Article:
Customer Reviews

Top Customer Reviews

By B. Velten on June 5, 2012
Format: Paperback Verified Purchase
The Last Embrace started out with a great idea; a former file clerk/OSS spy trying to adjust to post-war life in the US after a number of years in Europe working undercover as a spy. This sounded like a variation on the hard-boiled detective, jaded with seeing the seamy side of life. Unfortunately, this character only lasted for the first few chapters. As the book went on, the spy started acting more like a file clerk; bungling her way through unraveling the mystery of the missing actress, unable to maintain her cover, and allowing herself to be isolated with potential suspects. Seems like she would have had a very short career as a spy.

The suspects were the usual stereotypes; the sinister landlady, the mob boss, the crooked cop and even the thwarted suitor. In the end the killer turned out to be a wild card with a very shaky motive.

This would have been better written in the first person as in many of the other noir fiction books and as the author's Eve Diamond mysteries are written. This book, while interesting, reads like an early attempt at novel writing pulled out of the bottom desk drawer at a publisher's urging. I gave it 3 stars because she did manage to evoke 1940's LA in the telling of an interesting but flawed story. The female spy in the post-war era would still make a great book, just not this one.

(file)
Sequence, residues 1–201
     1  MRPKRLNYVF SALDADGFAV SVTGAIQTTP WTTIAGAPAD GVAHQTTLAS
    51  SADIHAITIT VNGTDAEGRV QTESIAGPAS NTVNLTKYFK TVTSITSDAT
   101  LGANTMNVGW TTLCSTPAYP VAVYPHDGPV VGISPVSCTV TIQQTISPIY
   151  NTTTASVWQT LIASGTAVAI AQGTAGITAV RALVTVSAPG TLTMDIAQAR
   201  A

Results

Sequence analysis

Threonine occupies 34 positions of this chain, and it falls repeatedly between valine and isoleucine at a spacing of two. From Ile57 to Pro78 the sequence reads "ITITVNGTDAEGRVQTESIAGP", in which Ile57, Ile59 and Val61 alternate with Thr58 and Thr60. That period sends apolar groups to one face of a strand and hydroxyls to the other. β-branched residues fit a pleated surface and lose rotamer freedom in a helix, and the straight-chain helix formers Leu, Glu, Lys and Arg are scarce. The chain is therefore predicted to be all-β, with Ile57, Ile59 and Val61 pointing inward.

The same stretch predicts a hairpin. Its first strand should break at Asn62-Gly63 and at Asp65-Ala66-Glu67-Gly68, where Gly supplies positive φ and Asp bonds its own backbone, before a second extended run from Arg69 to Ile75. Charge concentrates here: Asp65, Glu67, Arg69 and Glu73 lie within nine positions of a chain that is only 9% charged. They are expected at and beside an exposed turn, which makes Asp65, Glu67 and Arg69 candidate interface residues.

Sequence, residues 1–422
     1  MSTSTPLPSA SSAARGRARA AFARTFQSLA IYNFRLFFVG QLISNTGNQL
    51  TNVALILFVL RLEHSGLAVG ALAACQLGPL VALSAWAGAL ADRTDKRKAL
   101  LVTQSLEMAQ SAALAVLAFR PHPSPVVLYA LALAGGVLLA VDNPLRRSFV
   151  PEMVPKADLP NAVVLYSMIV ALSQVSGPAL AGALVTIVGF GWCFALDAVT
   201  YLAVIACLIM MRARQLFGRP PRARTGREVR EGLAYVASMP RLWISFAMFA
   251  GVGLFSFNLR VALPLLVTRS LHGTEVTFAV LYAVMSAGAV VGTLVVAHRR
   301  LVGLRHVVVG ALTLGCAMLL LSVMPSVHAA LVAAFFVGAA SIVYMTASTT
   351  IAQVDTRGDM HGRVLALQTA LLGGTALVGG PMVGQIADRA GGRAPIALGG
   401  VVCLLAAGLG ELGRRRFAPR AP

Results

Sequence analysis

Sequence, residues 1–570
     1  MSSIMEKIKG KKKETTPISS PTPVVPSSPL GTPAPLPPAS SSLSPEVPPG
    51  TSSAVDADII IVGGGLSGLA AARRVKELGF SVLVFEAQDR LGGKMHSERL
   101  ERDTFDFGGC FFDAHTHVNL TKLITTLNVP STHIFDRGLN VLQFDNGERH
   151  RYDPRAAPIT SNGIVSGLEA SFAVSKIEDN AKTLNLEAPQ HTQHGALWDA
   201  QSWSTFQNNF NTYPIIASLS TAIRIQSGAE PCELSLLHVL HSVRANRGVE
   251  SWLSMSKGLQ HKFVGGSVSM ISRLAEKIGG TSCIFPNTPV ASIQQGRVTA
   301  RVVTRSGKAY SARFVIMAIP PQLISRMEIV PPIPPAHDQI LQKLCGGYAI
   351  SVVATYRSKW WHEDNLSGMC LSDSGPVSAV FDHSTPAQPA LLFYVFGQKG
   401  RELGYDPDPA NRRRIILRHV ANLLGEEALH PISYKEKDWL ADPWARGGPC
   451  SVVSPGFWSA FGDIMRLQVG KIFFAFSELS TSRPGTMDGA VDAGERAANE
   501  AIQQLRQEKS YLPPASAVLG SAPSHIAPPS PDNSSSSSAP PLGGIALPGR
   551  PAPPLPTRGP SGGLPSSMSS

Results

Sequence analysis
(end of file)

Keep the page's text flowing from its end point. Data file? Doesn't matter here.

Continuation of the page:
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Format: Paperback Verified Purchase
Reviews of this novel suggested a Los Angeles noir novel with echoes of Raymond Chandler. But I found it frustrating and disappointing on multiple levels.

Hamilton writes skillful prose and creates an interesting story, but far from the tough-guy language of Chandler and traditional noir there is a girlish quality that runs through the voice of this story. Her heroine is a former OSS WW II spy, which is a promising idea. But rather than convincingly using skills she acquired as a spy, she barrels around like an amateur sleuth putting herself into danger time and again, showing little judgment.

As the story moves along coincidences pile up upon one another, characters cross paths too conveniently and as we get toward the later portion of the novel, clues and leads that were readily discoverable much earlier in the story conveniently emerge when it suits the narratives purposes. Hamilton tale becomes increasingly convoluted, so that she ends up stumbling over herself explaining things away. Soon it becomes clear that much of the action of the novel was simply a series of convoluted red herrings that simply pad the story's length. And most frustratingly once we reach the unmasking of the real killers and the mystery's solution, it has little to do with most of the story we've just read. Aside from being somewhat out of left field...it feels minor and disappointing.